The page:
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Donkey Punch
UKScreen Rating:

Donkey Punch – Review

WHAT’S IT ABOUT?

Three young lasses from Yorkshire are determined to brighten up their miserable lives with a holiday, drinking and partying in Mallorca.
Shy Tammi (Burley) has just gone through a painful break-up and her mates, temptress Lisa (Breckin) and daring Kim (Winstone), have promised her that this trip is a no-go area for boys.
But when some British lads they meet at a bar invite them for a drink on their luxury yacht, they manage to persuade Tammi to join them: it’ll be just one drink, they assure her – an assurance which, if she’d have known she was being followed by a movie camera, she probably wouldn’t have accepted.
After enjoying the Three Ds (drink, drugs and dancing) on board, they split into two groups – Tammi and the most mature of the lads, Sean (Boulter), dangle their legs off the back of the boat as they discuss life, the universe and everything, while Kim and Lisa join the other three boys in the bedroom for a bit of a wife-swapping orgy.
Capturing the whole thing on video for posterity seemed like a good idea until the youngest guy, Josh (Morris), employs the sexual technique of the title – with devastating consequences.
Out at sea, with a dead body on board, do they dump it overboard or report the accident to the police? Unsurprisingly, the boys and the girls have different opinions on this matter – and this has devastating consequences of its own.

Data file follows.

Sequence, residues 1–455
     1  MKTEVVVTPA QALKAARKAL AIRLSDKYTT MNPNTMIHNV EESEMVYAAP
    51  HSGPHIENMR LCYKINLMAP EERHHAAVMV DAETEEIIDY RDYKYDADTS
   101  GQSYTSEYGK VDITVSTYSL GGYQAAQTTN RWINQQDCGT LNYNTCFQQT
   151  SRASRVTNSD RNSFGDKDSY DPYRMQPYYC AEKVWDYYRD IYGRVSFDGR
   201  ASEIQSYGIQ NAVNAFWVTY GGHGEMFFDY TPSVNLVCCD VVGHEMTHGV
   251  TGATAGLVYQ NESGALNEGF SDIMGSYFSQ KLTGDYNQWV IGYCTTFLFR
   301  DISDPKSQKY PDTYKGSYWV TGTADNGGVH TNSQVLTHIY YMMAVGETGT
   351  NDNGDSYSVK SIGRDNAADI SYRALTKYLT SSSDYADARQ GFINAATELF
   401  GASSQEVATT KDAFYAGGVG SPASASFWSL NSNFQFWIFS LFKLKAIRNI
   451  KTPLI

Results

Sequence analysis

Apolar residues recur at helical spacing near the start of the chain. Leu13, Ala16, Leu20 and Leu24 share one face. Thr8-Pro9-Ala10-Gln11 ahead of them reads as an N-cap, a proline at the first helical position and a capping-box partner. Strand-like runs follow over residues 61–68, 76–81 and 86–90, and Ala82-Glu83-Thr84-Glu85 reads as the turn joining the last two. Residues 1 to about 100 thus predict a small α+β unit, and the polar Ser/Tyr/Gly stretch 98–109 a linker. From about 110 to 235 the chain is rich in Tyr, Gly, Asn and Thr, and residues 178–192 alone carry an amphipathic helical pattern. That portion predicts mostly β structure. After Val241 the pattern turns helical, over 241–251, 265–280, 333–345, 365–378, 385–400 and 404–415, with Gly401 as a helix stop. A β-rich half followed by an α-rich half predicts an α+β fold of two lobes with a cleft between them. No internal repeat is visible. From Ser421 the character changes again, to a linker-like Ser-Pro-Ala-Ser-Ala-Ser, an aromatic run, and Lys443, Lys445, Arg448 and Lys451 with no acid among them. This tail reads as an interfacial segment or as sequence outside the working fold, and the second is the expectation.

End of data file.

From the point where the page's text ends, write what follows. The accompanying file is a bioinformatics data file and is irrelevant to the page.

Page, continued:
WHAT’S IT LIKE?

The film starts far too slowly and presents us with a bunch of girls who aren’t particularly likeable, so we’re willing them to get on the boat despite all the potential dangers, because we’re just itching for something to happen.
Even when they get on board, it still takes too long to get to the point.
The effect of this is that pretty much all of the plot is squeezed into the second half of the film, making the pacing very uneven.
Much of that plot is highly unoriginal – boys against girls, people hiding behind doors with makeshift weapons, disposing of bodies, inflicting torture with knives – many elements done far better in films as varied as Shallow Grave and Dead Calm.
A film that starts out as a psychological thriller turns into a veritable, shameless bloodbath, but not so much because the plot demands it as because the director wants to get some cheap and easy shocks out of the audience.
You will grimace and cringe, but you won’t really care. Almost without exception, the boys and girls are selfish and deserve pretty much everything they get, which takes most of the drama out of the film.
So if you want a low-budget, gory blood-fest disguised as a teen-thriller, this will probably be up your street – but anyone who prefers drama, intrigue and pleasant characters who you believe in, feel for and care about, should probably navigate well clear.

opens nationwide 18th July 2008

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